The event was held by the East Cobb Civic Association.
Jane Hayse, transportation planning division chief for the Atlanta Regional Commission, gave a presentation on the proposed 10-year tax for transportation projects that would raise the sales tax rate by 1 percent before opening up the floor to questions.
Bobbi Shams of east Cobb asked Hayse who she anticipates using a light rail line in Cobb County.
Hayse said the county is in the process of determining “who is the market, using transit, particularly along Highway 41 going all the way up Kennesaw State. There’s a lot of students between Kennesaw State and Southern Poly that are possible candidates, a lot of redevelopment going on in those areas.”
Shams also asked Hayse if she believed a Cobb-financed rail line was really meant to serve Fulton County residents.
Hayse said 64 percent of all residents in metro Atlanta leave their home county every day.
“We are a multi-county regional entity here in metro Atlanta and people travel all over the place. That’s about all I can say,” Hayse said.
Another audience member, Larry Savage, who is challenging Tim Lee for commission chairman, challenged Hayse’s assertion that passage of the transportation tax would create 200,000 jobs, have a $34 billion impact on regional gross domestic product and an $18 billion rise in personal income from the efficient movement of goods and people.
“So what would our growth rates be if we didn’t have this program?” he asked.
“Good question,” Hayse said. “I don’t have that answer on the tip of my tongue, but I do know that it’s going to be different and most likely less than what we see here.”
Joe Nottoli of east Cobb asked a question that sparked loud applause from the audience.
“Let’s say I didn’t like something about the Atlanta Regional Commission,” Nottoli said. “How can you vote them out?”
The chairman of the ARC is Tad Leithead, a developer who also serves as chairman of the Cumberland Community Improvement District.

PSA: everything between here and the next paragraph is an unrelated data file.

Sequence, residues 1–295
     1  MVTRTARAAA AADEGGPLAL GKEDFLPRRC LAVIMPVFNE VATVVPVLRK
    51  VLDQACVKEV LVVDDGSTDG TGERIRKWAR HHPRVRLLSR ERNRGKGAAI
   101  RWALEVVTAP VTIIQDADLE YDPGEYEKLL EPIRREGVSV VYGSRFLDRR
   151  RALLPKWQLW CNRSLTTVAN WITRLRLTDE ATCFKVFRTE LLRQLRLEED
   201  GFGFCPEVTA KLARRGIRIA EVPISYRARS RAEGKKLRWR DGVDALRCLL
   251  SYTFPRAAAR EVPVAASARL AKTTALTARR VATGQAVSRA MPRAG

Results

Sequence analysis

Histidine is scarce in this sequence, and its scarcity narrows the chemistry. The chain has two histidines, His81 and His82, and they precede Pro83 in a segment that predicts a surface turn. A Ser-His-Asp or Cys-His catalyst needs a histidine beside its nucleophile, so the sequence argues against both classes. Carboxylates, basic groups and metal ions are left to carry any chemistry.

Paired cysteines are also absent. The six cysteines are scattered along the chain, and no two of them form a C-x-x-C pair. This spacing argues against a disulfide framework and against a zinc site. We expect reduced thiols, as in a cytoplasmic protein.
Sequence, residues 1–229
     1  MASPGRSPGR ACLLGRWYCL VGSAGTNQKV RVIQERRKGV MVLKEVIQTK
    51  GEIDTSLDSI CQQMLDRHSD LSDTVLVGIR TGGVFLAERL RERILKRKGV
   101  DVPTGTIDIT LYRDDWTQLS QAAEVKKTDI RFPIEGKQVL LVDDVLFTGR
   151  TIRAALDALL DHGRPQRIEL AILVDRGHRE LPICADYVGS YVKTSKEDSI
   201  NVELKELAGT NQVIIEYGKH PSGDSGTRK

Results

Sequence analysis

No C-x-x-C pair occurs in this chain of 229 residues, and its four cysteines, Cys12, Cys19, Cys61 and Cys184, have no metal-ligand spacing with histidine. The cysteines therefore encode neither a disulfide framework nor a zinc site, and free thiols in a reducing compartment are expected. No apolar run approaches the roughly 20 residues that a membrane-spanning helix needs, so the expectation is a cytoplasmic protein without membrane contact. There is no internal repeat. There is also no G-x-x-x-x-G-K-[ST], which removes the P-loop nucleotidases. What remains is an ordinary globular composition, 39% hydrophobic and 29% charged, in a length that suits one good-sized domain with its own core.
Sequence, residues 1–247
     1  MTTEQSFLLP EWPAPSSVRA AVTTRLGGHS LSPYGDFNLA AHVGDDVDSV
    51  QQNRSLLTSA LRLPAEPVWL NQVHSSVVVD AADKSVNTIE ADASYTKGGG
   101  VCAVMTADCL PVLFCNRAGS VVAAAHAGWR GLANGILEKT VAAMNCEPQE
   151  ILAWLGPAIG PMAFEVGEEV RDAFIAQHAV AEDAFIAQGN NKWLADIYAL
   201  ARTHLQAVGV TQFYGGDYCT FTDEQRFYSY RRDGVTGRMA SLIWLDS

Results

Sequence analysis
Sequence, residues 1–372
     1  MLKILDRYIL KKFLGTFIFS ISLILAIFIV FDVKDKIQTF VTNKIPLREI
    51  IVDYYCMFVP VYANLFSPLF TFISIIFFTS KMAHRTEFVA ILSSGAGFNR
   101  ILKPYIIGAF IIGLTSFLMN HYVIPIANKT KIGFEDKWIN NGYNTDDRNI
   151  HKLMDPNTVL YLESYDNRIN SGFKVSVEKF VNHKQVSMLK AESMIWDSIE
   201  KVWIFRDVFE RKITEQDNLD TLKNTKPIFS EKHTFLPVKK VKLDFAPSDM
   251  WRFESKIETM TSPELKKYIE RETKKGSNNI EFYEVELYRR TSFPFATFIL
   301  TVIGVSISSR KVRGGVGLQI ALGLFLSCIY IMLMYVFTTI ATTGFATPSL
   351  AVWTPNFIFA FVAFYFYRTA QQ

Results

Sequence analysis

Nottoli elaborated on this comment after the meeting.
“Whenever I do not like something the ARC has done, how do I vote them out of office?” he said. “You can’t.”
Nottoli said he intends to vote against the proposed tax.
“It’s taxation regionally, and we lose home rule of our various townships, counties,” he said.
Another attendee, Dick Cottrill, related his disapproval of the proposed tax, saying when it comes to the proposed light rail, why bother? Stand on 285 and look south down 75, he said. Assume you live in Vinings and commute to Atlanta every day, leaving anytime between 7 a.m. and 8:30 a.m.
“It takes me 10 minutes,” Cottrill said. “There is no traffic going from Cobb into Atlanta. It all turns left onto 285.”
The original purpose of the TIA was to reduce congestion, Cottrill said.
“That light rail is nothing but developed for two huge economic groups in Cobb County, three — Cumberland Mall, Chamber of Commerce and Town Center — and those have political influence to get that rail — which is not called MARTA yet — from Arts Center,” he said.
There is no need nor justification for the proposed rail line, he said.
“Your group, which is an unconstitutional group by the way, your group has come up with that concept at the economic insistence of these three developers because they happen to throw a lot of money around,” Cottrill said. “They’re going to spend $8 million in Cobb County on selling this thing. People in this room have no way of competing with that. So the whole concept is unconstitutional. If Cobb says no, we don’t want any part of this, we’ve got to go along with it. Are you telling me American citizens who are in a county can be outvoted by other counties?”